Saturday, October 19, 2019

Australia's Imperialism

Australia’s negotiations with Timor-Leste should be the subject of a royal commission, and the government should return $5bn stolen from the impoverished nation, an Australian parliamentary inquiry has been told. High profile Timorese organisations, allies and academics, supported the return, and called on Australia to be held accountable for its conduct.

Australia has a long history of exploitative dealings with Timor-Leste, including spying on Timorese representatives during treaty negotiations and recent revelations that successive Australian governments were driven by a desire for resources when legitimising the Indonesian invasion. Then when Timor-Leste regained independence, leaving open a border which had previously been subject to a treaty with Indonesia, Australia pushed for the new maritime border which gave it a greater share than Timor-Leste of the lucrative oil and gas fields in the region. Australia’s sudden withdrawal from the maritime jurisdiction of the the International Court of Justice and the International Tribunal of the Law of the Sea (ITLOS) in March 2002 is explained by one simple factor: unlike negotiations, litigation involves an independent umpire. The Australian government chose not to play by international rules simply when it does not suit them. The Australian government shunned international law and bullied its way into a series of temporary resource sharing arrangements that significantly short-changed Timor-Leste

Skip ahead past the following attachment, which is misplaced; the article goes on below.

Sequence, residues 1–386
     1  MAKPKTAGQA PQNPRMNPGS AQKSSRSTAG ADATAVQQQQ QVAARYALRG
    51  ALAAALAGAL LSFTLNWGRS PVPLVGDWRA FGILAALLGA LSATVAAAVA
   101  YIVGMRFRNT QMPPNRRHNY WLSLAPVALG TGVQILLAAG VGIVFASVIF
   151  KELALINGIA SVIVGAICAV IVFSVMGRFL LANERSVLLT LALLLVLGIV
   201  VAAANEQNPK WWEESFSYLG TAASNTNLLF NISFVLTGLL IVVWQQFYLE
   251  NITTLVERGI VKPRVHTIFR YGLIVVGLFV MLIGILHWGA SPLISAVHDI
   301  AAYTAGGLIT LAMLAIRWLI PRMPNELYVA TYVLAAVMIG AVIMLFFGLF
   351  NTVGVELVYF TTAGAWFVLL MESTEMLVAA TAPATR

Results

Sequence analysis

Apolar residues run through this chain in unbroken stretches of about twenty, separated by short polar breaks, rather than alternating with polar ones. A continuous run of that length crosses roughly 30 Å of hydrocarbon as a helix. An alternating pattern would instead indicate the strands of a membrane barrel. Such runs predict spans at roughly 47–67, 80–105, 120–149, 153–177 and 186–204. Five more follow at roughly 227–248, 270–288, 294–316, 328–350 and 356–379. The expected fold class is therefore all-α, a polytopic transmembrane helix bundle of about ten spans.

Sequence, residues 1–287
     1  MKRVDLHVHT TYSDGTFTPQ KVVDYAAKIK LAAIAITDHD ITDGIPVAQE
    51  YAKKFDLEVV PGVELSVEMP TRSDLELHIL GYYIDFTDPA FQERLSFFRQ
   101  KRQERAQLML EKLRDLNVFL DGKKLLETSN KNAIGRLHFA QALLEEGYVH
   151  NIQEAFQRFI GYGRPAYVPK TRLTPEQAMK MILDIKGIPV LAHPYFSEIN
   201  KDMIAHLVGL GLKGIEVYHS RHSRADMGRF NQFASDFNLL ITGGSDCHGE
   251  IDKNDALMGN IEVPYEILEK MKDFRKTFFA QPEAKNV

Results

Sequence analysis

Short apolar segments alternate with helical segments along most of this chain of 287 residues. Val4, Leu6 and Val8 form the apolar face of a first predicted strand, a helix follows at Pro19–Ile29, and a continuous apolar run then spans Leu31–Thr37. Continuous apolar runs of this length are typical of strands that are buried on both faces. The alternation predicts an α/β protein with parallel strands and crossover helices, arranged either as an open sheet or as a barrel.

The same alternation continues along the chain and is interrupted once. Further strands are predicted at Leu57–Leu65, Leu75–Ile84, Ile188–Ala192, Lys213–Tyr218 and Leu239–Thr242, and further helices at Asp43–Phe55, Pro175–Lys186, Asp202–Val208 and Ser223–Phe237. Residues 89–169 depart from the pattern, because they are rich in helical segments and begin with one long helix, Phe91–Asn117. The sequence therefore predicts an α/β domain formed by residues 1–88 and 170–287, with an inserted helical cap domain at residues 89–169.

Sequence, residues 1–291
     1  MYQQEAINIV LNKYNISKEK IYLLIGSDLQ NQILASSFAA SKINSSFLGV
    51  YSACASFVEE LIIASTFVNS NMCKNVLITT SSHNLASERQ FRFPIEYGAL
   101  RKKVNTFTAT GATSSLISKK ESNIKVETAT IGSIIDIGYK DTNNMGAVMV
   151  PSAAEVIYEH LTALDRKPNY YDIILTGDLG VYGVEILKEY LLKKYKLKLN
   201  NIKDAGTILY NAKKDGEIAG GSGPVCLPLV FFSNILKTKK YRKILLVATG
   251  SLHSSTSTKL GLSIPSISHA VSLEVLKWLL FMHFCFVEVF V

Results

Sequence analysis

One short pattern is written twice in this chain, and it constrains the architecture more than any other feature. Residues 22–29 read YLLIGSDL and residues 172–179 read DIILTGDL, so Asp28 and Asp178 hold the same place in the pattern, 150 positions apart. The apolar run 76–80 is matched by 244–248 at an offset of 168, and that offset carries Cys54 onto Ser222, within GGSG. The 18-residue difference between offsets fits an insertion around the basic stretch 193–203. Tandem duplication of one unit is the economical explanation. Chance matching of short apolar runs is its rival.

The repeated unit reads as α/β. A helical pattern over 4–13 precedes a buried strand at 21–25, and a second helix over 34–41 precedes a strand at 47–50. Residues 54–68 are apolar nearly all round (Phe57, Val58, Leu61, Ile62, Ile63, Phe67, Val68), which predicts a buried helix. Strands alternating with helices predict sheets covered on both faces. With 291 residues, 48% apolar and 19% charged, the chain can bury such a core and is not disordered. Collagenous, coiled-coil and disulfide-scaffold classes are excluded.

Sixteen years later, in March 2018, the two countries finally signed a treaty which essentially followed the median line first envisioned as a fair demarcation years earlier. Australia could have “consolidated Australia’s relationship with a close, strategically placed neighbour”, if it had acknowledged a fair maritime border from the start. Instead Australia “put short-term economic interests above long-term international gain”. During that 16 years, while Timor-Leste was dealing with the aftermath of a brutal 24 year occupation and struggling to build a new nation, the oil and gas reserves in the Timor Sea were the only significant revenue source available to them.

It is estimated Australia pillaged more than US$5bn in oil and gas revenue since 2002 from reserves which both countries now acknowledge were always in an independent Timor-Leste’s territory. The figure includes more than US$105m taken since the 2018 treaty was signed.

The Timor Sea Justice Campaign said, “When you look at the timeline of the events, it’s hard not to conclude Australia simply withdrew its recognition so that it could rip off East Timor...It’s hard not to be cynical that Australia is just picking and choosing when to abide by international law”

No comments: